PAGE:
Cafe Zitouna (formerly Cafe Ya Bon) - Tunisian in San Francisco - Report
- Dave MP Apr 6, 2008 08:38 PM
I went to Cafe Zitouna last week with two friends and we had a great meal. This was my first visit in a long time - last time I was there it was still called Cafe Ya Bon and they did not yet have a full kitchen. Things look different now, and the overall vibe is a bit nicer. Plus, there are many more food options!
We started off sharing the b'stilla - filled w/ meat, scrambled eggs, almonds, and various other things - this was excellent. It was freshly made (took well over 20 minutes from time of ordering for it to arrive) and was topped with a fair amount of powdered sugar and cinnamon. It didn't seem like the actual filling was all *that* sweet, so people who prefer less-sweet b'stilla could easily ask for less (or no) powdered sugar. The b'stilla was large and round, plenty of food for three of us to share as an appetizer. For $7.95, a good deal.
As a main dish I had a special of white bean stew w/ merguez sausage. The sausage was served on the side on a small plate, while the beans came on a larger plate. It was good - comforting and flavorful, though not anything earth-shattering. The bread basket on the table had lots of bread which was good for dipping in the beans.
One friend had just a plate of sausage, which she ate w/ bread. The other friend had the salmon tajine, which I believe was also a special. This was also good - I only had a bite, so I don't remember all the details, but the salmon was properly cooked and tasted fresh, and the sauce was flavorful without being overpowering.
We also had a pot of mint tea which was excellent. The tea itself tasted like Argentinian mate, and the mint flavor was very fresh. It came already sweetened, which I liked, though it might have been too sweet for some.
The menu has several tajines, salads, sandwiches and appetizers, and the breakfast choices look good too. It seems like there are several items that are common to both Moroccan and Tunisian food, yet from what I have heard, the cooking definitely veers more toward Tunisian. I have eaten at Tajine (up the street) only once, but after one meal at each, I'd say that Zitouna is giving them a run for their money!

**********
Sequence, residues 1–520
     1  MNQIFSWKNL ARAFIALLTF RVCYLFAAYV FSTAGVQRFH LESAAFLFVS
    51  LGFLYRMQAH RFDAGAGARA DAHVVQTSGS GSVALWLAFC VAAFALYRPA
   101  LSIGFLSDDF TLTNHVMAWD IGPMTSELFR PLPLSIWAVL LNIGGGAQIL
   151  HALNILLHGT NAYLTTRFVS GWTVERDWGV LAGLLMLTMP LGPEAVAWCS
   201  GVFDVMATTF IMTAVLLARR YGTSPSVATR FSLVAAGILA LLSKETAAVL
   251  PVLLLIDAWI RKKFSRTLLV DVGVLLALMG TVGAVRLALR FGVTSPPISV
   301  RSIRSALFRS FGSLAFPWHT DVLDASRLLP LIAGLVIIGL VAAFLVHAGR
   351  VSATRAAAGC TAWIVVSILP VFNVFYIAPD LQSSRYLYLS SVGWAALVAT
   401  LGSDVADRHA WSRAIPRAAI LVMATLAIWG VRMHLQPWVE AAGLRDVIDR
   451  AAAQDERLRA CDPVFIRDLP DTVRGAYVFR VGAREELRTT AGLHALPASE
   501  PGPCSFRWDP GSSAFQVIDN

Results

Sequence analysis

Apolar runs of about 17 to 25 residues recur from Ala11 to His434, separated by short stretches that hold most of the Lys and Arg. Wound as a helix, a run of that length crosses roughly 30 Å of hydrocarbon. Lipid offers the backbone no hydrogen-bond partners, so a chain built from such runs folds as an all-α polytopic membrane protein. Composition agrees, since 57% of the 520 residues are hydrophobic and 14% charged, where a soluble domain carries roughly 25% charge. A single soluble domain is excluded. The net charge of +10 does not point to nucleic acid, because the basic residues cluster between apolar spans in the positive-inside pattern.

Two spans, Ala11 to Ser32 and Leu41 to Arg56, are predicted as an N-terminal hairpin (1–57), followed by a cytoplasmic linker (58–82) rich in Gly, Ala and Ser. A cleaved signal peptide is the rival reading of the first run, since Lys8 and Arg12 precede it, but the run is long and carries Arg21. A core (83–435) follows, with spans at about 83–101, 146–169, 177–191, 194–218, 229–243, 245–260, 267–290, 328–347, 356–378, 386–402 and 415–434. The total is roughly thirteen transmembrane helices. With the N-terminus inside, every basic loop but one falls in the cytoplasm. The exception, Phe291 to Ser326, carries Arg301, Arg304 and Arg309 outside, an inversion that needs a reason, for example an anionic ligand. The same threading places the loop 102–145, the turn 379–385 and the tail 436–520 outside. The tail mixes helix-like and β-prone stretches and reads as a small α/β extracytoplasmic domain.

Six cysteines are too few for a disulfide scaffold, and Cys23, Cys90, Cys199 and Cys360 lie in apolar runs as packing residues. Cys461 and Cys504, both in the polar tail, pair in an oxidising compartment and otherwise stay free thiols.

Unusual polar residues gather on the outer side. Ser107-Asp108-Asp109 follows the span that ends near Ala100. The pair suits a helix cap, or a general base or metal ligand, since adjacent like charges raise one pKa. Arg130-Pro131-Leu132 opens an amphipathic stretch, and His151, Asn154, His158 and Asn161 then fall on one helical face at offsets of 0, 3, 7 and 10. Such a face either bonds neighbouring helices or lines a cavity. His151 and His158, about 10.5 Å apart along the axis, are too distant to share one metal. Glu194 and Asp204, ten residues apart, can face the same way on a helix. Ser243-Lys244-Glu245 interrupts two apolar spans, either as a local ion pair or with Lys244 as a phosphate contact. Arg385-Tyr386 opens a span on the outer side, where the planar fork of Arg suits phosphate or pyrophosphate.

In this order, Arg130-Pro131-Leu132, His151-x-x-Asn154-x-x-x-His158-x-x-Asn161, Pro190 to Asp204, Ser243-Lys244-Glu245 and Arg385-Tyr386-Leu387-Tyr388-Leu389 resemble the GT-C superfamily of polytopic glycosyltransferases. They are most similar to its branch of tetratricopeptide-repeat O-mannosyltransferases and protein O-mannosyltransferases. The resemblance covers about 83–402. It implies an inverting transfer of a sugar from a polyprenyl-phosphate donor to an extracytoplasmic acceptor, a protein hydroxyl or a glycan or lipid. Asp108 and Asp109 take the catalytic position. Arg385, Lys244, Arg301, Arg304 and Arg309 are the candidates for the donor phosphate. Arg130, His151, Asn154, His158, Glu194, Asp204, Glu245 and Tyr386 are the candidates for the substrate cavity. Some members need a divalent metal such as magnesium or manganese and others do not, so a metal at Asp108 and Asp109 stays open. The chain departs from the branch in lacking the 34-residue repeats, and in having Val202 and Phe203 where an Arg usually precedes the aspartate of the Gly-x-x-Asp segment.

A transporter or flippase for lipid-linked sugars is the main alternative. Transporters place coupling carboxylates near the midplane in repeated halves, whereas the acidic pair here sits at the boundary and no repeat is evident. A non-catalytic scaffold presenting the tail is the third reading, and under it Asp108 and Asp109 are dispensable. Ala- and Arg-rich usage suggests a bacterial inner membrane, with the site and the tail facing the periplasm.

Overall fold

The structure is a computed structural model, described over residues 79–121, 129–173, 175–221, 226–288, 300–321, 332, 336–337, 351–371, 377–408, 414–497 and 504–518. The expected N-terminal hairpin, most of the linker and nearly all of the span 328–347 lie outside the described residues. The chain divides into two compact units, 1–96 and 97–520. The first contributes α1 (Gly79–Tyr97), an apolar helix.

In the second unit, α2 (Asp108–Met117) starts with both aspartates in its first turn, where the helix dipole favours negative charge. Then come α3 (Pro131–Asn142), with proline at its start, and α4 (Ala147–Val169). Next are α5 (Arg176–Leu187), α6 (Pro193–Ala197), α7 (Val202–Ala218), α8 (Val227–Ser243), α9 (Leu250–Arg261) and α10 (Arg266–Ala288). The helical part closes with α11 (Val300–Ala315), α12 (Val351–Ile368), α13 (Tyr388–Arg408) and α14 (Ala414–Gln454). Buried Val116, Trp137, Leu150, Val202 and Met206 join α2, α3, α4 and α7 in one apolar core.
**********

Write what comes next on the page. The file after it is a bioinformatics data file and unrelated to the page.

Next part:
1201 Sutter St, San Francisco, CA 94109
I worked in Tunisia for many years , I can not wait to try this resturant. Thanks for the report!
Thanks for the report! My Tunisian SIL is looking forward to trying this place on his next trip to SF (He lives in LA, and gets homesick now and then...). I see they have Chakchouka Bil Merguez on the breakfast menu (which can be linked from Places): when I was in Tunisia that was my staple way to start the day! Its a bit of a walk but might be a good option for breakfast for folks staying downtown...will try and get down there for breakfast soon.
I've been twice now under the newest incarnation (yes, I owe a report from the halal Easter chowdown), and like this spot very much. The owners are Tunisian and I find the flavors brighter and lighter than the Moroccan food I've had in this town. And the housemade harissa is very spicy and complex. The wife does most of the cooking and the line cooks finish off the dishes. I like the homemake-ish style and prices are quite low for what you get, so excellent value to be found here.